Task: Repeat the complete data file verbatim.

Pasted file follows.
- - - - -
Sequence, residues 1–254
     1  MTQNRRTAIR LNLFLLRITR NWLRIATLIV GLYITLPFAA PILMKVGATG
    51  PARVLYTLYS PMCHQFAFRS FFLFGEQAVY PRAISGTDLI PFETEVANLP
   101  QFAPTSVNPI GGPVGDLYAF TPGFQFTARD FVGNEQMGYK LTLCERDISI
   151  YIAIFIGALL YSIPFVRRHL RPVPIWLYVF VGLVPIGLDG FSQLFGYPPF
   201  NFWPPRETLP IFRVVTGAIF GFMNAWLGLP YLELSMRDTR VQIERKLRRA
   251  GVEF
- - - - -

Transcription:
Sequence, residues 1–254
     1  MTQNRRTAIR LNLFLLRITR NWLRIATLIV GLYITLPFAA PILMKVGATG
    51  PARVLYTLYS PMCHQFAFRS FFLFGEQAVY PRAISGTDLI PFETEVANLP
   101  QFAPTSVNPI GGPVGDLYAF TPGFQFTARD FVGNEQMGYK LTLCERDISI
   151  YIAIFIGALL YSIPFVRRHL RPVPIWLYVF VGLVPIGLDG FSQLFGYPPF
   201  NFWPPRETLP IFRVVTGAIF GFMNAWLGLP YLELSMRDTR VQIERKLRRA
   251  GVEF